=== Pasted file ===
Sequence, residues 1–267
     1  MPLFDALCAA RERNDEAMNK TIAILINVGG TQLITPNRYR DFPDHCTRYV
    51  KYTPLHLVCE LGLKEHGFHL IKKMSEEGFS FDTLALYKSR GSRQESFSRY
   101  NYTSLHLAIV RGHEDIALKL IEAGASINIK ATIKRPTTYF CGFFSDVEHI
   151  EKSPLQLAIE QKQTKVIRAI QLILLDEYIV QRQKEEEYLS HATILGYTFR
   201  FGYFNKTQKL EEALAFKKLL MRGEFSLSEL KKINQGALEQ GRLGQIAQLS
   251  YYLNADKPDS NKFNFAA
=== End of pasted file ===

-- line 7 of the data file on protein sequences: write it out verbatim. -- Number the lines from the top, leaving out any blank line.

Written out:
   251  YYLNADKPDS NKFNFAA